T cells are critical for protective immune responses to pathogens and tumors. The T-cell receptor (TCR)-CD3 complex is composed of a diverse αβ TCR heterodimer noncovalently associated with the invariant CD3 dimers CD3ϵγ, CD3ϵδ, and CD3ζζ. The TCR mediates recognition of antigenic peptides bound to MHC molecules (pMHC), whereas the CD3 molecules transduce activation signals to the T cell. Whereas much is known about downstream T-cell signaling pathways, the mechanism whereby TCR engagement by pMHC is first communicated to the CD3 signaling apparatus, a process termed early T-cell activation, remains largely a mystery. In this review, we examine the molecular basis for TCR activation in light of the recently determined cryoEM structure of a complete TCR-CD3 complex. This structure provides an unprecedented opportunity to assess various signaling models that have been proposed for the TCR. We review evidence from single-molecule and structural studies for force-induced conformational changes in the TCR-CD3 complex, for dynamically-driven TCR allostery, and for pMHC-induced structural changes in the transmembrane and cytoplasmic regions of CD3 subunits. We identify major knowledge gaps that must be filled in order to arrive at a comprehensive model of TCR activation that explains, at the molecular level, how pMHC-specific information is transmitted across the T-cell membrane to initiate intracellular signaling. An in-depth understanding of this process will accelerate the rational design of immunotherapeutic agents targeting the TCR-CD3 complex.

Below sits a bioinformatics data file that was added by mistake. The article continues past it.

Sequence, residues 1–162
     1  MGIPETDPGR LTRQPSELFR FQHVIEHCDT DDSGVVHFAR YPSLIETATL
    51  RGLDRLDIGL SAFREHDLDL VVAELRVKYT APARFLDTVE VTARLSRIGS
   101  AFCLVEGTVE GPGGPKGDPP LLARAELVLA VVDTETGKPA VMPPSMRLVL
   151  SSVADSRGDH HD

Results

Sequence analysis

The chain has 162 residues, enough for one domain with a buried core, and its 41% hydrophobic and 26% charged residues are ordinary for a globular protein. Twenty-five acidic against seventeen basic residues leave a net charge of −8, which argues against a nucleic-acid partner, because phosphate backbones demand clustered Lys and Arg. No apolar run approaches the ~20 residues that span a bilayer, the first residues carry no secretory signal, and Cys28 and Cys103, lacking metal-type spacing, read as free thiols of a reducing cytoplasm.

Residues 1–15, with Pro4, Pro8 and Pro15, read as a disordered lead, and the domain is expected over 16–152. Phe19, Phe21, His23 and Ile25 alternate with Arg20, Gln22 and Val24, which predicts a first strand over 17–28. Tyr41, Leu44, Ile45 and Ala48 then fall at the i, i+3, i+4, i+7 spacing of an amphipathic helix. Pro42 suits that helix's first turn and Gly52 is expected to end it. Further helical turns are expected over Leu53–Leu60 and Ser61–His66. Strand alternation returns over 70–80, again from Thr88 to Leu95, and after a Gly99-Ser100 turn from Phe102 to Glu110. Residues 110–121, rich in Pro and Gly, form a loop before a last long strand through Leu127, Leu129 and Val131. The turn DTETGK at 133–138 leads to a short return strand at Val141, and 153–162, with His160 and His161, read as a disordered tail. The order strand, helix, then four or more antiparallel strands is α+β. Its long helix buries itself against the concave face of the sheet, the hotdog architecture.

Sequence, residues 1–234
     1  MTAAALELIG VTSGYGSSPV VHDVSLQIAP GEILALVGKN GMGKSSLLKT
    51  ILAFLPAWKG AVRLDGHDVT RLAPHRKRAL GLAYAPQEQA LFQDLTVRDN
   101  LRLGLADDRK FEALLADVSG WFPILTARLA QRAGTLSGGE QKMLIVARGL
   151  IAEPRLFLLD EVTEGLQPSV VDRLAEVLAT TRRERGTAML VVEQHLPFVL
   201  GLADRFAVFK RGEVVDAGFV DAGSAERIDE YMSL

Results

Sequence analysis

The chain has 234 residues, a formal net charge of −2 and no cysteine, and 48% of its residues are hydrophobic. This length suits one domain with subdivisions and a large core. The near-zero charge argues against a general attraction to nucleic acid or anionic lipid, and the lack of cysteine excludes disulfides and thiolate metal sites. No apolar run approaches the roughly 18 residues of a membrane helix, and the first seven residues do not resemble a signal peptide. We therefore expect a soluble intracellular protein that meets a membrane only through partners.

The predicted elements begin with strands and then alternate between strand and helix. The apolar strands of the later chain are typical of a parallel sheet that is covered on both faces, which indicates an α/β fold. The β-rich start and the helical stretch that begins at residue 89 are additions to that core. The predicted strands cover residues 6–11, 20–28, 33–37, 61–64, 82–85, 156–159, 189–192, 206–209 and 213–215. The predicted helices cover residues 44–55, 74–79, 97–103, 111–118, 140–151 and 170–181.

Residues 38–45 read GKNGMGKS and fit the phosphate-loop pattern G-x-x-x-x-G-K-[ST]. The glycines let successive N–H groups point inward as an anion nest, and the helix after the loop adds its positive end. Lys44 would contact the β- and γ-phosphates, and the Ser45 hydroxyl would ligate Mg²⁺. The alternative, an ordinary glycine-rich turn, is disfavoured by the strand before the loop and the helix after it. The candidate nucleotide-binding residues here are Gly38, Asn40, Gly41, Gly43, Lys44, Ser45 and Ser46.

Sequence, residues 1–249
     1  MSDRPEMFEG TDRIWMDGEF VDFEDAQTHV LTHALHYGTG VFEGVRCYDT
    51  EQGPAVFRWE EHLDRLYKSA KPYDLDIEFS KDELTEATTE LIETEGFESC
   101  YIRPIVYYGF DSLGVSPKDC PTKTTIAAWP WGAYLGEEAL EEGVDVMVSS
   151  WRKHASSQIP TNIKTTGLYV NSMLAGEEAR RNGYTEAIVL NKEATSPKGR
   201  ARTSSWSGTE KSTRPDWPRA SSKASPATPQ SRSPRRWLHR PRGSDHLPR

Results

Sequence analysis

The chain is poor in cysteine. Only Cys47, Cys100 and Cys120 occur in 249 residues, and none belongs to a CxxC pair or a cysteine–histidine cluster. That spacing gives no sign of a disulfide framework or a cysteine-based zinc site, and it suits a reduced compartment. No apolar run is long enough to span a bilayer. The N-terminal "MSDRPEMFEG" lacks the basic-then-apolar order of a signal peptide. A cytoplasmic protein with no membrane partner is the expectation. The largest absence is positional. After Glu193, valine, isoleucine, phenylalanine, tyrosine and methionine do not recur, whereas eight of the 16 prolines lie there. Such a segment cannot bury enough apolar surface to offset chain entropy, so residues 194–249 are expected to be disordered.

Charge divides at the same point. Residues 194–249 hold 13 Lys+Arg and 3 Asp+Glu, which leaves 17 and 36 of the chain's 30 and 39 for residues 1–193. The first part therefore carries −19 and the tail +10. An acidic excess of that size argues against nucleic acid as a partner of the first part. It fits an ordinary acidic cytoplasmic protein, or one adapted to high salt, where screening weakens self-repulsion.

Keywords: T-cell receptor (TCR); allosteric regulation; cryo-electron microscopy; major histocompatibility complex (MHC); mechanotransduction; molecular dynamics; nuclear magnetic resonance (NMR); signal transduction.
© 2020 Mariuzza et al.